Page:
Georgia Magazine - November, 2009 - (Page 26)

There’s fun and education for everyone BY LYNN COULTER I s the earth shaking? You might think so when you see the fierce apatosaurus standing in the Great Hall of the Tellus Northwest Georgia Science Museum, which opened this January in Cartersville. Of course, you’re just seeing a cast of a dinosaur that once roamed our planet 150 million years ago, but at 82 feet long, the big guy is a thrilling introduction to one of our state’s newest educational centers. Tellus stands on the site of Georgia’s old Weinman Mineral Museum. “The Weinman,” says Joe Schulman, director of marketing for Tellus, “was a great museum that served Georgia wonderfully for nearly 25 years.” But with an average 19,000 visitors a year, the Weinman was getting crowded. Tellus is about 12 times bigger than the old museum, and within its first two months, drew more than 30,000 guests. “We will have 23,000 students visit Tellus by the end of the 2009-2010 school year,” Schulman predicts. What’s the secret to the new museum’s success? It has “something for everyone,” Schulman says. Rock hounds love the Weinman Mineral Gallery, which houses many treasures from the first museum. It features gemstones, rocks and minerals from around the world, including meteorites from Mars and the moon. “Please touch” signs invite visitors to handle petrified wood and volcanic pumice, while brilliantly lit cases showcase rocks and minerals from Georgia’s Blue Ridge, Piedmont and Cumberland Plateau. The huge dinosaur is just one of many casts from the museum’s Fossil Gallery. Also included is a re-creation of a giant ground sloth whose bones were found in a cave at Ladd’s Quarry in Cartersville. These sloths, scientists believe, lived throughout the Southeast until the last ice age ended 11,000 years ago. Bill Montante from Kennesaw is COURTESY TELLUS MUSEUM Taking in the Tellus Above top: Tellus Northwest Georgia Science Museum now houses exhibits that were once displayed in the old Weinman Mineral Museum, but it’s about 12 times bigger. Above: Amateur paleontologist Bill Montante often volunteers at Tellus, allowing visitors to touch and examine fossils. an amateur paleontologist who volunteers in the Fossil Gallery on weekends. “Georgia has a rich fossil history,” he says, and if visitors want to bring in their own finds, he is happy to help identify them. “Don’t miss the LYNN COULTER The amethyst on display is actually a variety of quartz. It ranges in color from dark purple to violet, thanks to iron or manganese impurities. In 1988, some of the finest amethyst in the U.S. was uncovered at Jackson’s Crossroads, in northwestern Wilkes County. Look for spacecraft and space artifacts in the 11,000-square-foot Science in Motion gallery. You’ll see models of rockets from the Mercury, Atlas,Titan II, Saturn and other missions, along with a replica of the Apollo I capsule. GEORGIA MAGAZINE LYNN COULTER LYNN COULTER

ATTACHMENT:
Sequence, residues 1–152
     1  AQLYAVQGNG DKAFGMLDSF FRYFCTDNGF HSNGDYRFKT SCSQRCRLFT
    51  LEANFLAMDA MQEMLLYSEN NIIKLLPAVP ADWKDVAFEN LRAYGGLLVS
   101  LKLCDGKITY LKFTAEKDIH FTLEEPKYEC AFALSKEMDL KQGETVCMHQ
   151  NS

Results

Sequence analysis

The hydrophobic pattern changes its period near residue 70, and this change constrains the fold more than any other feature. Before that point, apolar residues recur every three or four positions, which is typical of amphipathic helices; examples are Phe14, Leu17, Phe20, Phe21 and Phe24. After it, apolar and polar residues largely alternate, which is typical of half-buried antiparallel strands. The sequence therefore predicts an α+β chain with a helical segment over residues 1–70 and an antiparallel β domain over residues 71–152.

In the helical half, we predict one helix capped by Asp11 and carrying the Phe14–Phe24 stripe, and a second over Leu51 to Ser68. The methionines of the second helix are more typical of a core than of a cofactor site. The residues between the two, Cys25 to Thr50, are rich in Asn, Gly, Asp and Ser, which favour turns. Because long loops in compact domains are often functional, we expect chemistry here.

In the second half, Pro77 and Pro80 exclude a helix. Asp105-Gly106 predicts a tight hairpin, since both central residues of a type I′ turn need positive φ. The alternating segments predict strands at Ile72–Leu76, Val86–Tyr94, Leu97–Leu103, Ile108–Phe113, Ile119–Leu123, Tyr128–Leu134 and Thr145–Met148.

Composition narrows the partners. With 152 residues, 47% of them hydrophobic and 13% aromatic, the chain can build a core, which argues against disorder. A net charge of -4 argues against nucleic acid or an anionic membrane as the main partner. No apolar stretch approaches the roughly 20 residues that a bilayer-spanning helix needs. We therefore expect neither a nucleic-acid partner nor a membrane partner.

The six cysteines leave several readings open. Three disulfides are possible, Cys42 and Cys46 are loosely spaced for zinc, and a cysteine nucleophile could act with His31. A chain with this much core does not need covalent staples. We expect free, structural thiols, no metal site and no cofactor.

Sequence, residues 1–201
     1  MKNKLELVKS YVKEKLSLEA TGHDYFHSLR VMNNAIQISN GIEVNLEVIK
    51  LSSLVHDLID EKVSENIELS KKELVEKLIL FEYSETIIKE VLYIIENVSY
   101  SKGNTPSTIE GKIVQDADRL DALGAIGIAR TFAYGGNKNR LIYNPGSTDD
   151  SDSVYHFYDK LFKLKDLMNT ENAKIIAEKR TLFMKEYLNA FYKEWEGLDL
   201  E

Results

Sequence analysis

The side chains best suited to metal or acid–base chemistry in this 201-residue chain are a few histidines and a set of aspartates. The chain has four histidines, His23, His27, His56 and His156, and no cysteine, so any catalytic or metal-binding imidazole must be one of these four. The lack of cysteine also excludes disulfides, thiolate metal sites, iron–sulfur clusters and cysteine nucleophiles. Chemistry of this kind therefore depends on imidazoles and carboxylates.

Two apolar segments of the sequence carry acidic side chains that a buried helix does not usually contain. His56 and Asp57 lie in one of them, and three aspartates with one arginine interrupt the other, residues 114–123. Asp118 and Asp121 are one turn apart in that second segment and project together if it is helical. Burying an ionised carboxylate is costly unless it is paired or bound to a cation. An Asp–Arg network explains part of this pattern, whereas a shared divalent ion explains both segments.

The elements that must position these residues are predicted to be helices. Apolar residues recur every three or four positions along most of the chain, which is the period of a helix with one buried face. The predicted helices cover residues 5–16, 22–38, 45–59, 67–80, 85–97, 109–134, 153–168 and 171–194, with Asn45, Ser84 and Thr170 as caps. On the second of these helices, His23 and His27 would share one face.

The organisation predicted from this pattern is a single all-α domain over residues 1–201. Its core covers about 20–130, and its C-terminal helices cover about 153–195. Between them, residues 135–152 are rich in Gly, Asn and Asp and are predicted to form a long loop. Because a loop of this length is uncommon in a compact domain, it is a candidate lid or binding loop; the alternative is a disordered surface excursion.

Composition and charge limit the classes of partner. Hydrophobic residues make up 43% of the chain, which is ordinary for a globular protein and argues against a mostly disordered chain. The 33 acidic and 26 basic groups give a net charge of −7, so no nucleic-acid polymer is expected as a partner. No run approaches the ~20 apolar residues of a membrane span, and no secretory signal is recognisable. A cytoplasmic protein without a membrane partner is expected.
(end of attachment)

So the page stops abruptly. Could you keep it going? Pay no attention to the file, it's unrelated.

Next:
Table of Contents for the Digital Edition of Georgia Magazine - November, 2009

Georgia Magazine - November, 2009
Picture This?
Georgia News
Holiday Festivities Guide
Thanking Disabled Veterans
New, Inspired and Tasty
Around Georgia
My Georgia
Georgia Gardens
Georgia Cooks

Georgia Magazine - November, 2009